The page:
What is VPS Hosting?
A VPS hosting is a server, with its own copy of operating system and allocated server resources, within a bigger server.
A geeky term I like using to explain VPS:
VPS hosting = Shared Hosting + Server Root Access + Dedicated Resources + Isolated Environment
How VPS hosting works?
In VPS hosting, every website is hosted on a virtual private server on a more powerful hardware.
A physical machine is divided into several virtual compartments, and server software is setup on them separately, making each unit capable of functioning independently.
Though other websites may be hosted on the same physical system, yours would be the only website(s) hosted in the virtual compartment allocated – with independent server resources (CPU, RAM, disk space, etc) to you. Other websites on the machine won’t affect the performance of yours. That means you get exactly the same system resources you pay for.
It’s like each website resides in an isolated room with sufficient resources to live with.
You get complete root access to your server as if it were your dedicated server. But technically you are still on the same physical machine and sharing its CPU, RAM, disk storage, and bandwidth.
VPS hosting gives you complete control over your server and almost the same benefits of the pricey dedicated server. This way, you can get a virtual dedicated server for a much cheaper price and get higher performance for your website than a shared server.
VPS and other types of hosting services compared
VPS vs. Shared Hosting
Think of it like real estate. Hosting in a shared hosting environment is like renting an apartment; there is one landlord (the hosting company) who owns the full space and all assets.
That landlord leases out the space and communal assets such as a pool, workout facility, parking lots, etc. (or in hosting terms, CPU, RAM, disk space, etc.) – and all residents share those communal resources.
VPS hosting is like the next step “up” – or a condo – in which you actually own your own space. You’ll still share communal assets – though you have actual claims to certain portions of them, but unlike the apartment (shared hosting), you are responsible for maintaining your own interior space and making your own repairs and modifications.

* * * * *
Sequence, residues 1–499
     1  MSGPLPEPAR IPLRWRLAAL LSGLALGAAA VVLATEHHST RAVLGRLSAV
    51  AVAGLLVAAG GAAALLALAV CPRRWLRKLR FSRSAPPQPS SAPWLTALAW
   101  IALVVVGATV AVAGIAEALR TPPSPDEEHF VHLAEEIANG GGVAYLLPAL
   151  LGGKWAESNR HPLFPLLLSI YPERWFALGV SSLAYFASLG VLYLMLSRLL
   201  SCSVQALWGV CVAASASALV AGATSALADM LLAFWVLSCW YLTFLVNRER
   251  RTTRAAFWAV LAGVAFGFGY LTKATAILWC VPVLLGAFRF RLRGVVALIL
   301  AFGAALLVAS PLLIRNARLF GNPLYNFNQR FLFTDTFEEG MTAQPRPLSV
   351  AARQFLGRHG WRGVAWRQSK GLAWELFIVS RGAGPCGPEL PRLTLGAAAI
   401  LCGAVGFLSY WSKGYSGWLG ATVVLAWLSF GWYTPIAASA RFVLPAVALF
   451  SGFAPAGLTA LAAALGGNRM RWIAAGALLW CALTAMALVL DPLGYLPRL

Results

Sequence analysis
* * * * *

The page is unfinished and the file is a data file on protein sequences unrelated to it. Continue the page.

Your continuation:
Additionally, there are significantly fewer residents and, as a bonus, assigned parking. More or less, you have rights to your space and a specific allocation of the resources – rather than pulling from a shared pool all of the time.
All of this having been said, before you make the switch from shared server to VPS hosting, you need to know that there are some disadvantages.
For one, VPS hosting is generally more expensive than shared server hosting environments. Also, you’ll need some technical ability – especially if you are planning to use an unmanaged VPS host. Beyond that, VPS hosting can entail some extra time and effort to manage – for example, monitoring and maintaining the server to ensure that it remains secure and in reliable condition requires some time and know-how.
VPS vs. Dedicated Hosting
VPS is kind of like entry-level home ownership; you have the benefit of lower costs, but still enjoy shared community amenities – versus the next step up, dedicated hosting, which is like owning your first free-standing home.
In dedicated hosting, you have your very own space and are responsible for everything on the property – think interior cleaning and maintenance, as well as the exterior and landscaping. You’re on your own in this hosting scenario, and as such, need to have some technical experience and prowess.
The VPS hosting is the middle ground, providing a step up from the shared “apartment” hosting that comes with more assigned allocations and guaranteed resources – but still affords you the benefit of a “landlord” should you need repairs, maintenance, or support.
When is the right time to switch?
Is VPS the right answer for your site?
Most hosting users are on VPS hosting for more server resources (shared hosting offers limited CPU resources, even if it’s an “unlimited” plan) and better control over the hosting environment (safety). Also, some users who are wary of the technological know-how simply take VPS hosting as the stepping stone to dedicated hosting.
If you are on shared hosting, when is the right time to switch?
Most websites launch using a shared hosting plan. And that’s absolutely okay because shared hosting is the easiest option for starters – it’s cheap, easy to manage, and requires very little technical knowledge. However, as your site grows and demands more functions, VPS hosting becomes a necessity at some point.
In case you were confused, here are a few indications that (maybe) it’s time to switch over to VPS.